This is a video list of Kyokushin Karate Katas with Instruction. Kata (型 or 形 literally: “form”), a Japanese word, are detailed choreographed patterns of movements practised either solo or in pairs. The term form is used for the corresponding concept in non-Japanese martial arts in general.
Please note that each organization interprets kata in their unique way. There will be slight differences among these. The videos presented are mostly from the IKO1 versions.
Kata originally were teaching and training methods by which successful combat techniques were preserved and passed on. The basic goal of kata is to preserve and transmit proven techniques and to practice self-defence. By practicing in a repetitive manner the learner develops the ability to execute those techniques and movements in a natural, reflex-like manner.
The study of the meaning of the movements is referred to as the BUNKAI, meaning analysis, of the kata. For Bunkai, or application of kata movements:
Taikyoku is literally translated as “grand ultimate”, from the characters Tai 太, meaning big, and Kyoku 極, meaning extreme, conclusion or end. In Chinese, the kanji characters are pronounced Tai Chi (or Taiji). The word Taikyoku can also mean overview or the whole point – seeing the whole rather than focusing on the individual parts, and keeping an open mind or beginner’s mind. The beginner’s mind is what is strived for during training and in life. The beginner’s mind does not hold prejudice and does not cling to a narrow view. The beginner’s mind is open to endless possibilities.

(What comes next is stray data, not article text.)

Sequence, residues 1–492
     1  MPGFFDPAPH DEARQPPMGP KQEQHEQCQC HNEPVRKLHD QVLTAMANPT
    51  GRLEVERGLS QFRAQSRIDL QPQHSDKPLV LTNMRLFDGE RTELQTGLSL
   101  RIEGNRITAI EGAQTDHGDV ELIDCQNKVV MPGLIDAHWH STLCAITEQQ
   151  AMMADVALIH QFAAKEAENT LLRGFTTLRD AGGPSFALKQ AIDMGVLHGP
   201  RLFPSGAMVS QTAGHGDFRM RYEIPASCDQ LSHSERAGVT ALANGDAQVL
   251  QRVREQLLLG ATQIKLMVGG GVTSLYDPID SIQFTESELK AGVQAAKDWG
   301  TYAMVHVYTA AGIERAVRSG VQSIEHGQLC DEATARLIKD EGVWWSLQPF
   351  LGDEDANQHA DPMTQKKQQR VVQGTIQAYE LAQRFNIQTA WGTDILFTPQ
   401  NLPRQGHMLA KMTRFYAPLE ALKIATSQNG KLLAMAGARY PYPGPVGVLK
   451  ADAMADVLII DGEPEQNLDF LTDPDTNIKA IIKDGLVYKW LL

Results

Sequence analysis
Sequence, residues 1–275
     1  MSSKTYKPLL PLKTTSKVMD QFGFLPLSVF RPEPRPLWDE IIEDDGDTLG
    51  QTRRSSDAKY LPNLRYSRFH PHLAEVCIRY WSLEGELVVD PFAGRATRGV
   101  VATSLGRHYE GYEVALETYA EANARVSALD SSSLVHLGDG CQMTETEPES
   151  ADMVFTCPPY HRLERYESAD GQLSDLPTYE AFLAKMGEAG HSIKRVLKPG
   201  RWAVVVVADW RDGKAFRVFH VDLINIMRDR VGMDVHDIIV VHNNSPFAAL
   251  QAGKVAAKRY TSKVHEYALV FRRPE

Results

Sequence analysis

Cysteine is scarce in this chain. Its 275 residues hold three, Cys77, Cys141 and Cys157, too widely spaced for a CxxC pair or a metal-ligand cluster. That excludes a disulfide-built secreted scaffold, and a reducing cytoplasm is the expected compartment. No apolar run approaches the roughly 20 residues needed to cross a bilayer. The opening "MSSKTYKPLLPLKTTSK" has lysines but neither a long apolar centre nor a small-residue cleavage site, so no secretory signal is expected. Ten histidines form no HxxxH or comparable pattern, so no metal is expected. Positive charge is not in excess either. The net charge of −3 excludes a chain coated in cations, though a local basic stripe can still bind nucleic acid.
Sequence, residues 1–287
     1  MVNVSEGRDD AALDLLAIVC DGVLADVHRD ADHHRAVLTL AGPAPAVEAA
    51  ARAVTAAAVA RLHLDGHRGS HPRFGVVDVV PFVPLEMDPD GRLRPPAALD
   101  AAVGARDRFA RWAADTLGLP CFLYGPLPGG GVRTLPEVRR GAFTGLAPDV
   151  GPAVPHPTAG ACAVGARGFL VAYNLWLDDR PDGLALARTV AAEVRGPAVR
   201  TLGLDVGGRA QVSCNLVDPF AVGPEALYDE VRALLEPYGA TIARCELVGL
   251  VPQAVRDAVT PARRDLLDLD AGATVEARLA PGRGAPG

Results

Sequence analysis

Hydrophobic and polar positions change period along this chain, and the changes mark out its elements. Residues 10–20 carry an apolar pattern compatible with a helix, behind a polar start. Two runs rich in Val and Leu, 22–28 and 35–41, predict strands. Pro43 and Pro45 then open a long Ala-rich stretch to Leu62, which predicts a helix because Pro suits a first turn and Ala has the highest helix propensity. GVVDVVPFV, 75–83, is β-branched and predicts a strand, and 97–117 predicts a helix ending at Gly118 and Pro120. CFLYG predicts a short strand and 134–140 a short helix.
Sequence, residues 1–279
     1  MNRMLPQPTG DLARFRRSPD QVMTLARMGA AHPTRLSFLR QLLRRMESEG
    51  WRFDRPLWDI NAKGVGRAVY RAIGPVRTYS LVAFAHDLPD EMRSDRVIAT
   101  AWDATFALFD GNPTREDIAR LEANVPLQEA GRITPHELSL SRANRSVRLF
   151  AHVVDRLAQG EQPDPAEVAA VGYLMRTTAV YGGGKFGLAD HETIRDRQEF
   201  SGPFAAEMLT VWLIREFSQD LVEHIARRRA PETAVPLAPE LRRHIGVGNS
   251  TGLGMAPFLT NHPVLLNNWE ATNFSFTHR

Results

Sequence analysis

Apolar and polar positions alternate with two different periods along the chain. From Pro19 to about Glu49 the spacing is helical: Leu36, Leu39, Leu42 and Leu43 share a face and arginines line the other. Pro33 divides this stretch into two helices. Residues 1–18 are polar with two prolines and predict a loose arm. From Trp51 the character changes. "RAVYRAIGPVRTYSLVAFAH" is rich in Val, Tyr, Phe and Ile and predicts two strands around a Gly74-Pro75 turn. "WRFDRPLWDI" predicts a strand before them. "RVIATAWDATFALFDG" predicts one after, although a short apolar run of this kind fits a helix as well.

The Pinan Katas were created by ‘Anko’ Yasutsune Itosu Sensei in 1905.
Pinan (Heian in Japanese) is the Okinawan pronunciation of the meaning “safe from harm”.
For a complete history of the Pinan Katas, click here.